In a letter to artists, Apple Music stated that it pays one cent per stream to singers, musicians, record labels, or other rights holders. The compensation rate is higher than other music streaming services are currently paying to artists like Spotify.
As streaming numbers are huge on popular music streaming services like Apple Music and Spotify, therefore, artists were happy with being paid a fraction of a cent even. However, the COVID-19 pandemic restrictions of large gatherings affected the music industry revenue earned by tours and concerts. Thus, artists began to demand higher compensation, especially the smaller music labels and artists. To keep the music economy running, Apple created a $50 million fund for small music producers as future royalties, so that artists are paid and the industry stays operational. The Apple Music Team wrote, “these are difficult times for the music industry globally. Livelihoods are at risk, with multiple sources of income that our industry relies on vanishing overnight. Apple has a deep, decades-long history with music, and we are proud to be in close partnership with the best labels and artists in the world. We want to help.”
Apple Music pays artists more than Spotify despite having fewer subscribers
As per the letter obtained by Wall Street Journal, the concerned stakeholders were notified of the commission rate via the artist dashboard on Apple Music, and labels and publishers were sent a letter. As the paid 1 cent per stream amount is higher than rival service, Spotify, therefore, the move will improve Apple’s image as an artist-friendly company.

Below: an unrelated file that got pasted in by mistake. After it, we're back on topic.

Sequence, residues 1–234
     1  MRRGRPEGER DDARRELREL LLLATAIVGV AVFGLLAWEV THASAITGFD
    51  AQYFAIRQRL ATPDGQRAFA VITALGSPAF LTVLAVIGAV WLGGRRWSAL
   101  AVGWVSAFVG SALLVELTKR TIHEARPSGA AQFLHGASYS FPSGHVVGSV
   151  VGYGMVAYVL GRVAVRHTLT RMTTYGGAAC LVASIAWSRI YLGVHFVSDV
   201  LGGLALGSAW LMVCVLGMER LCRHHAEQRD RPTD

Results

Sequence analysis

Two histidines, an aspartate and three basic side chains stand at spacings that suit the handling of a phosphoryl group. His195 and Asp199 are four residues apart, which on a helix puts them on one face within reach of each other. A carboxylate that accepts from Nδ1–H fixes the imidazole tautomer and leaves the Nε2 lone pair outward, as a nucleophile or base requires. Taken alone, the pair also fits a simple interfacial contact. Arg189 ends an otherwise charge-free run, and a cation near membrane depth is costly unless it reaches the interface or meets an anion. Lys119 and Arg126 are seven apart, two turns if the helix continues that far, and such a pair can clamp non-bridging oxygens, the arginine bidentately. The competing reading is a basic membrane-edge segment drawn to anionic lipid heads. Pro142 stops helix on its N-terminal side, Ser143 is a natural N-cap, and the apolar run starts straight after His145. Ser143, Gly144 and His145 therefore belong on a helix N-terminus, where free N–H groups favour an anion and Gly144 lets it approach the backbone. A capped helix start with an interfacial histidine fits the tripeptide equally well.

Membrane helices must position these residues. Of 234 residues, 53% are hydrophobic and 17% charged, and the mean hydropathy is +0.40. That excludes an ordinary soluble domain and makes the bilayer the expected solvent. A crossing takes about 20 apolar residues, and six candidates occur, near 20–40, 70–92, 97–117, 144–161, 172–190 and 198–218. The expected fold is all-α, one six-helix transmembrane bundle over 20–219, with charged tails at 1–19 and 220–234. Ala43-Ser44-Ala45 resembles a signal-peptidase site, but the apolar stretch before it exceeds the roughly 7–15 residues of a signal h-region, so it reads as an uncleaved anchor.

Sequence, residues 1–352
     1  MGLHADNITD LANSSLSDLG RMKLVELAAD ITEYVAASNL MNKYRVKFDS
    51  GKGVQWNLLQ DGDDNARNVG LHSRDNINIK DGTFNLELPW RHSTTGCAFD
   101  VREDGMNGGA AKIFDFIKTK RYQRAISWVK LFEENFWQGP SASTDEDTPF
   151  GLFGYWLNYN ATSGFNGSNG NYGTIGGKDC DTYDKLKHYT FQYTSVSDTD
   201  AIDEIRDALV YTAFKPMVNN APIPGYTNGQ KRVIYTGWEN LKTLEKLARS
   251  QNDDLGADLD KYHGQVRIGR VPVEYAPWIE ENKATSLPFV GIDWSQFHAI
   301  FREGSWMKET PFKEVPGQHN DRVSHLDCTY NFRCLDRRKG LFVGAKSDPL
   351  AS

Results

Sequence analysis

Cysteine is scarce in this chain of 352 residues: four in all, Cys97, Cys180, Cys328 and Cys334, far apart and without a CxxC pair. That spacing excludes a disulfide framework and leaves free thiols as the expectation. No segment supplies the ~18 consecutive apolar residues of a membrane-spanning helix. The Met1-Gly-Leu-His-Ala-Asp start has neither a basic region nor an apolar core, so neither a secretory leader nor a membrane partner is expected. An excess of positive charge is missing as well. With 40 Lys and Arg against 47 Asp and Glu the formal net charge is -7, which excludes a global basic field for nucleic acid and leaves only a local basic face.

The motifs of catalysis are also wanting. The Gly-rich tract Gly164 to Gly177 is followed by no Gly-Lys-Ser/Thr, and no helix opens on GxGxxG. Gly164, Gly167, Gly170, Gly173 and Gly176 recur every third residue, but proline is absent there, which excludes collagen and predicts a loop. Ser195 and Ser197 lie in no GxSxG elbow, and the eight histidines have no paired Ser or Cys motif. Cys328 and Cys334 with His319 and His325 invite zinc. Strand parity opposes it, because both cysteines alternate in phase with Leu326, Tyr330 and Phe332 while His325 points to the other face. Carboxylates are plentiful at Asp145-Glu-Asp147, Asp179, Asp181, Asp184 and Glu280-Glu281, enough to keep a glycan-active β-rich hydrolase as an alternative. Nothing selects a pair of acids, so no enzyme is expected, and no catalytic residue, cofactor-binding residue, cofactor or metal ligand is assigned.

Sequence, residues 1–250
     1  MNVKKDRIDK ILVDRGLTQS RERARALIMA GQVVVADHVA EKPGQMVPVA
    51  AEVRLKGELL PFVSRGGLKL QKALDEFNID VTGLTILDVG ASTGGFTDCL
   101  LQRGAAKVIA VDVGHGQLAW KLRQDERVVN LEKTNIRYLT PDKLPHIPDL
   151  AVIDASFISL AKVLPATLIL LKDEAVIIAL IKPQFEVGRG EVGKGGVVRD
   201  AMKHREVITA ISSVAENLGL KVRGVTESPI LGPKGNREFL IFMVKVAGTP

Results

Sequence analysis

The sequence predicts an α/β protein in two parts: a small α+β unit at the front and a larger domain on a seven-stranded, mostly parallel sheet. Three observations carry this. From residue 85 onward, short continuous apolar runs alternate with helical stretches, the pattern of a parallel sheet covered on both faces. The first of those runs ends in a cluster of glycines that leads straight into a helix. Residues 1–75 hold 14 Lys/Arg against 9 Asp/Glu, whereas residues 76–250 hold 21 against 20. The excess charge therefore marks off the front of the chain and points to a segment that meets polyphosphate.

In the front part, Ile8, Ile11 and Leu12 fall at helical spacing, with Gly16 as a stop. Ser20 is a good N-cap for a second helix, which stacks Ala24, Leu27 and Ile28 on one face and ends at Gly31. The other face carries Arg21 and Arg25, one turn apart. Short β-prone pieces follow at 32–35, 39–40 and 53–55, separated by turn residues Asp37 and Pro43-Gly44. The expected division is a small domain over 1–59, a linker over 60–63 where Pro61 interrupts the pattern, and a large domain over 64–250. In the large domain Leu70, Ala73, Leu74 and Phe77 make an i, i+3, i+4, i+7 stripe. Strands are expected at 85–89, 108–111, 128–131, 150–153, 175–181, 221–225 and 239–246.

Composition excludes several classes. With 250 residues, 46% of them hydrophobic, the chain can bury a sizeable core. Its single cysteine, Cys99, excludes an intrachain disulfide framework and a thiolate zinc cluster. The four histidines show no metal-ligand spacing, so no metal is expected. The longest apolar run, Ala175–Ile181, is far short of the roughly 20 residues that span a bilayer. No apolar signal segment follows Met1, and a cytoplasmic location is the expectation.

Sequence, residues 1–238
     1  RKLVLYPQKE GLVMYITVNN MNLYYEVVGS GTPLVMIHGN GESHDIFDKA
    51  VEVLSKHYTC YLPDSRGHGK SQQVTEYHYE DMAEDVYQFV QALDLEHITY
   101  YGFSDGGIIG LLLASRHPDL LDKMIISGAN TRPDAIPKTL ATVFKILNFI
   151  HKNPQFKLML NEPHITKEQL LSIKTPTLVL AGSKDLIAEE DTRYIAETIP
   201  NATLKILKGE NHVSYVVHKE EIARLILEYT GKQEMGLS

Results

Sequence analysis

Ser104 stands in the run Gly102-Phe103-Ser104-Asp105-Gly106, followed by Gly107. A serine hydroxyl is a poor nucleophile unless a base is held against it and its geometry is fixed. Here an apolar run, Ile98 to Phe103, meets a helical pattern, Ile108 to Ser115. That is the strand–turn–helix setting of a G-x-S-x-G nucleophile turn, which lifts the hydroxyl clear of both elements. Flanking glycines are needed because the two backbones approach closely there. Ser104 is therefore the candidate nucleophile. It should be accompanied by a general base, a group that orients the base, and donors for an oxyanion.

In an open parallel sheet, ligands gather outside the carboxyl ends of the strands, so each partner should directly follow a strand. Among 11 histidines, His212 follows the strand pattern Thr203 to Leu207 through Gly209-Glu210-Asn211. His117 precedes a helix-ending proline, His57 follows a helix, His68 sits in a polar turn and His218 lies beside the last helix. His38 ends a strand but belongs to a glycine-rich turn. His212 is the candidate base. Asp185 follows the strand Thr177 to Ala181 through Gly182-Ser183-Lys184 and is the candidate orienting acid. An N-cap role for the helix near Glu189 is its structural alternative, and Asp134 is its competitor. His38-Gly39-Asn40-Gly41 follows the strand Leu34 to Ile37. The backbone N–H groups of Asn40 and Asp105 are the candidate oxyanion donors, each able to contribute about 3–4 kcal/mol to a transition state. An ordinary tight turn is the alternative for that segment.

Apple’s penny-per-stream payment structure—which music-industry experts say can dip lower—is roughly double what Spotify, the world’s largest music-streaming service, pays music-rights holders per stream. Spotify pays an average of about one-third to one-half penny per stream, though its larger user base generates many more streams. Apple’s payments come out of monthly subscription revenue from users.
Artists, managers and lawyers, still reeling from the loss of touring revenue during the pandemic, have been calling for higher payouts from music streaming, which has grown rapidly in the past year. Many fans have joined the push to raise artists’ compensation.
Apple last reported more than 60 million Music subscribers in June 2019. Spotify leads the industry in subscriptions with 155 million, out of 345 million total active users including those who listen for free to the ad-supported tier. Amazon said early last year that its music subscription offerings had 55 million subscribers.
In a podcast in March, Spotify boosted its service as a barrier against music piracy, and in re-writing digital music streaming’s history, the Swedish music streaming service completely ignored iTunes’ role in making musing a commodity. Maybe, Apple is hitting back at its rival now.